At one point few vehicles epitomized the American family car as the station wagon, particularly of the fullsize variety. Today, most car companies are pretty much convinced that American consumers will not buy station wagons. A few of the European luxury brands offer them here, but for the most part wagons are not welcome in the contemporary automotive scene in the U.S. According to Pete Bigelow of AOL Autos, the fault for that lies with the vehicular star of 1983’s “National Lampoon’s Vacation” — the Wagon Queen Family Truckster, a hideous pastiche of just about every bad malaise era styling trend appliqued over a Ford LTD Country Squire.
National Lampoon’s Vacation was released 32 years ago this summer and with its fifth sequel, “Vacation”, in theaters now, Mental Floss posted a listicle of little known facts about the original film. Number one on their list was Bigelow’s 2013 assertion that the movie’s mocking of the traditional American family station wagon fatally tainted the body style in consumers’ eyes:
Clark Griswold killed the station wagon.
You remember the scene. Stony disappointment spreads across his face when he learns his Antarctic blue sports car has not been delivered. His old car, a two-toned puke-brown and pale-mustard wagon, has already been demolished.
He has no choice but to drive the Family Truckster.
In all its heinous glory, the pea soup-green Wagon Queen Family Truckster was a caricature of everything America hated about its station wagons: Its wood paneling, its broad, expansive frame and its boxy headlights, its status as the frumpy domestic hauler.
And Griswold embodied the aloof, American dad. Put the two caricatures together, and National Lampoon’s Vacation made the station wagon, in the eyes of consumers, a toxic product in one three-minute scene. It’s no coincidence that the same year the movie was released, 1983, Chrysler introduced the minivan and found runaway success.
Ever since, the station wagon has endured a sad, slow decline.
Interesting theory, though I’m not sure that I’m going to embrace it just yet.
As Bigelow mentions, the movie came out the same year that Chrysler introduced their first minivan. Do you think it’s just a little bit possible that product planners at Chrysler, which was selling a wagon version of their K cars at the time, might have had an inkling that consumer tastes were changing?
For years I’ve contended that it’s been the buying choices of American women that have moved from wagons to minivans to SUVs to car-based crossovers as they’ve tried to escape the image of driving a mommy mobile while simultaneously choosing practical vehicles that can carry their entire families plus cargo. Chevy Chase’s Clark Griswold was a dork, but he’s the one who subjects his family to it, not Beverly D’Angelo’s Ellen Griswold. One of the reasons why the Family Truckster was funny at the movie’s original release was that by 1983 all that fake wood, “metallic pee” paint (we called it “baby shit green”, everyone offered it in the ’70s), and gingerbread was already passe.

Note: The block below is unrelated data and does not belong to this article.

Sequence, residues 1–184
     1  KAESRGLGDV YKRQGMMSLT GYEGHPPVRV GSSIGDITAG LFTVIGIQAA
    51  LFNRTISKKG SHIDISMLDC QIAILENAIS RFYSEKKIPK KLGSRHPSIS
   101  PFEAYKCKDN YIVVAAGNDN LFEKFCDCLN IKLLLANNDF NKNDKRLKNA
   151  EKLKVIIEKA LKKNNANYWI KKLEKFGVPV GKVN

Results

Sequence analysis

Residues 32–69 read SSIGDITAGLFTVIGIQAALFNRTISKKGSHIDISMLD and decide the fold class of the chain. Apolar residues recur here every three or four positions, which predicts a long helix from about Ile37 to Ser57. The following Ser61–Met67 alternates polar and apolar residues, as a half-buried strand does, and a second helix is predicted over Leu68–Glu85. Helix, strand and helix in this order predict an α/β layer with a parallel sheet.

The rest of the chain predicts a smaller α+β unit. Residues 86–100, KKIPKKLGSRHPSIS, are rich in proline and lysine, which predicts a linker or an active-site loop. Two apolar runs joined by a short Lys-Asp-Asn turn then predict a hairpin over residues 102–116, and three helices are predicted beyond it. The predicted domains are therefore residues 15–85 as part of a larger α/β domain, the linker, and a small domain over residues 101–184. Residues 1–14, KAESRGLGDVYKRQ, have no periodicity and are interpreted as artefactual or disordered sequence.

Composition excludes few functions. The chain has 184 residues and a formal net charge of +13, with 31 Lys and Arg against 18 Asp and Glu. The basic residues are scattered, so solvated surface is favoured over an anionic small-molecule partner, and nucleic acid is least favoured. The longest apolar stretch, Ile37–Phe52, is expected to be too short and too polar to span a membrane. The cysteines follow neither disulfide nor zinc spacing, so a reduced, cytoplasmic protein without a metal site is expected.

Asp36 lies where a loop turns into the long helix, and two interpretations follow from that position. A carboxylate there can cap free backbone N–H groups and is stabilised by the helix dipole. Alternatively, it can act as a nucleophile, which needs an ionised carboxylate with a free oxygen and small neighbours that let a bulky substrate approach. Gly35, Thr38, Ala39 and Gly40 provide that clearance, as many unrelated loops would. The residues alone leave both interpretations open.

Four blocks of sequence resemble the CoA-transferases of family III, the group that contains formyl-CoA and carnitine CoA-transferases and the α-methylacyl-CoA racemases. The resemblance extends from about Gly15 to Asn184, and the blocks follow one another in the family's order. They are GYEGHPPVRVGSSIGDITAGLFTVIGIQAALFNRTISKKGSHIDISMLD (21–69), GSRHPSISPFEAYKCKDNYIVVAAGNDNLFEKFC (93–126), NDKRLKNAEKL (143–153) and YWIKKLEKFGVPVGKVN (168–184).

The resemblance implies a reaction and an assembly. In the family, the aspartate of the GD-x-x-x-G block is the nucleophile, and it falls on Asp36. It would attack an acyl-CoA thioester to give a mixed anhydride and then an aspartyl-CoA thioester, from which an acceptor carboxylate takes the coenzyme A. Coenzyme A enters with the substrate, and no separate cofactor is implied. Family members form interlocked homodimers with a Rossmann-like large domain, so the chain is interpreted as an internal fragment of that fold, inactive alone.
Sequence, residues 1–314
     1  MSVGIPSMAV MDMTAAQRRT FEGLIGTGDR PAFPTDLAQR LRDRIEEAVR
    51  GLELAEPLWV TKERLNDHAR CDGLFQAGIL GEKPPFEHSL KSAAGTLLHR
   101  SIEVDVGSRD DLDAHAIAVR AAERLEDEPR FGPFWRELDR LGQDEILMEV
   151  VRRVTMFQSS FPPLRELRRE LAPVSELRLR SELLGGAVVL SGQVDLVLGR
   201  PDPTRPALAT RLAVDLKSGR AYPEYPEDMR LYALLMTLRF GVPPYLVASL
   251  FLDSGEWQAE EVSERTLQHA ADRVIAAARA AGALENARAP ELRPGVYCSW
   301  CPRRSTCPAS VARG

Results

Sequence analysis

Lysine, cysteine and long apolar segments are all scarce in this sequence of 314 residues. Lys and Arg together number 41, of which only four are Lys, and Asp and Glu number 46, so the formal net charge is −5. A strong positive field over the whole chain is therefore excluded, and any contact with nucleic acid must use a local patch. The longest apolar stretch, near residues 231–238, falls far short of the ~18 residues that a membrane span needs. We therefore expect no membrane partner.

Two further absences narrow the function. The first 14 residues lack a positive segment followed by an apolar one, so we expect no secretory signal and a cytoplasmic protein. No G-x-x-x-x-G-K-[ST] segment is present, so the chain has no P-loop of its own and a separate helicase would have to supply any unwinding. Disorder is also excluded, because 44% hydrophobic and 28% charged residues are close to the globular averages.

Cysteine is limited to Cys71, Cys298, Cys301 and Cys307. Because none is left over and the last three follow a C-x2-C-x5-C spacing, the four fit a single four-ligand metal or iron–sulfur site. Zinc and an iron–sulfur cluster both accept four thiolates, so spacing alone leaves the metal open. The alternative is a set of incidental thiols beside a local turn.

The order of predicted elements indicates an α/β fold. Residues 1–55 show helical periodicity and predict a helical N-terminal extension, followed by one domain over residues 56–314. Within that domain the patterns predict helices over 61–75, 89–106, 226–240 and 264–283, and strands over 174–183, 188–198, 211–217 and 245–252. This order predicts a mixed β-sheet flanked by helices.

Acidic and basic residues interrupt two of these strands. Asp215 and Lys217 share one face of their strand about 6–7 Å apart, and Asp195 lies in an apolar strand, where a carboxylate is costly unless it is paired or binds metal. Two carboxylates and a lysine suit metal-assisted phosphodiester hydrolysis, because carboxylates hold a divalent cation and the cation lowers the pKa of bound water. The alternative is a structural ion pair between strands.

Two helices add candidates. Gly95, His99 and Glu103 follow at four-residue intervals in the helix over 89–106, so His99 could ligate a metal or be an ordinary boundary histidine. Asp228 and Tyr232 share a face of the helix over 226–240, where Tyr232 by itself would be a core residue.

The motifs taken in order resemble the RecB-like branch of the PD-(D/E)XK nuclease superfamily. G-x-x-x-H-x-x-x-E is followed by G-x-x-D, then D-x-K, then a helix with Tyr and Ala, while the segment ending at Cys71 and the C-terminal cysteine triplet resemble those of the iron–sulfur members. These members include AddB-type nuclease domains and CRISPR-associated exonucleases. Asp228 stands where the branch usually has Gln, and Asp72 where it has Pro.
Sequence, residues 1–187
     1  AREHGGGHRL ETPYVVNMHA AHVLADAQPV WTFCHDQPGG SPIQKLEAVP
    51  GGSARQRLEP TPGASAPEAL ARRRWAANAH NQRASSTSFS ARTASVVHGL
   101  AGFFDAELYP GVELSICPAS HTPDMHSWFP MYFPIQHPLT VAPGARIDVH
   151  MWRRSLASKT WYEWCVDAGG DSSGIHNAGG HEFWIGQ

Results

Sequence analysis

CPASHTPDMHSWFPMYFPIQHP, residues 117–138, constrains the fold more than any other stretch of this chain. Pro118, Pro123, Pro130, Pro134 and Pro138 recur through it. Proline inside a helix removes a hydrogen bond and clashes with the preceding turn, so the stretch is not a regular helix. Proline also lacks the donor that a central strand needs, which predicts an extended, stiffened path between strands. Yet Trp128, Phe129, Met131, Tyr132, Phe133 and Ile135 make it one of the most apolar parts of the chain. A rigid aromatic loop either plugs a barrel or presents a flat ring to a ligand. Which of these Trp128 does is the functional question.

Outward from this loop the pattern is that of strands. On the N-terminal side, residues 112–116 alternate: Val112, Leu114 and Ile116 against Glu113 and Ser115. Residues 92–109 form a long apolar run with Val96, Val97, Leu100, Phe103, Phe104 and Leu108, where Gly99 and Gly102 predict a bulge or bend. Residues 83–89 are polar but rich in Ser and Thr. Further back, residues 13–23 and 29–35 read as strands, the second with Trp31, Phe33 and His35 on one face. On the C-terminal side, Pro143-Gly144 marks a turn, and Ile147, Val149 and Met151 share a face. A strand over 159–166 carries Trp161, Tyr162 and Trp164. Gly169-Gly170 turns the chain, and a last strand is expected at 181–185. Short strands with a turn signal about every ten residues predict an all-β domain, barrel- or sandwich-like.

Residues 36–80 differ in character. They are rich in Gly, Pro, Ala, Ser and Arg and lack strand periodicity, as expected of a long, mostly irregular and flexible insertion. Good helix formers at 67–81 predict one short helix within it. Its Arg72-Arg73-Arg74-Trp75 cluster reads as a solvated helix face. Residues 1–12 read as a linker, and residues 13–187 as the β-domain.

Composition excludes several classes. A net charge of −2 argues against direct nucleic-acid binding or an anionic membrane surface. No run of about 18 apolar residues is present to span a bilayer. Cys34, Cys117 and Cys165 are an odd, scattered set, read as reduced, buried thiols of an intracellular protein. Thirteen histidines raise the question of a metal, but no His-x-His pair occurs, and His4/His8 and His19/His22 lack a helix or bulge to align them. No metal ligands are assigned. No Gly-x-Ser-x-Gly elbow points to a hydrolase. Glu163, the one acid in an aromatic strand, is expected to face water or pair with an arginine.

Maybe our autometrician Tim Cain can run the numbers, but I wouldn’t be surprised to see that by 1983 sales of American station wagons had already started going down significantly. According to the wagon enthusiasts at stationwagon.com, the decline indeed started in the 1970s, with Chrysler discontinuing their fullsize Chrysler, Plymouth and Dodge wagons in 1978. It should also be pointed out that the obviously Ford-based Family Truckster didn’t keep the Taurus wagon from being one of the best selling station wagons ever. The wagon declined, but it went down slowly.
Both stationwagon.com and Gear Patrol say the minivan was what killed the wagon. In a fairly comprehensive history/eulogy for the station wagon by Charles Moss at The Atlantic he, too, blames Chrysler’s people mover. None of them mention the Griswold’s fictional wagon.
Speaking of the Wagon Queen Family Truckster, if you’re dying to show up at your next costume party as Clark or Ellen Griswold, a modified Ford LTD wagon “believed to be” the car used in the film was up for auction by Mecum in 2013, but appears to have been a no-sale at $35,000. If you want, you can apparently still make Mecum an offer.
In any case, Bigelow’s theory is worth considering. Discuss amongst yourselves.
Ronnie Schreiber edits Cars In Depth, a realistic perspective on cars & car culture and the original 3D car site. If you found this post worthwhile, you can get a parallax view at Cars In Depth. If the 3D thing freaks you out, don’t worry, all the photo and video players in use at the site have mono options. Thanks for reading – RJS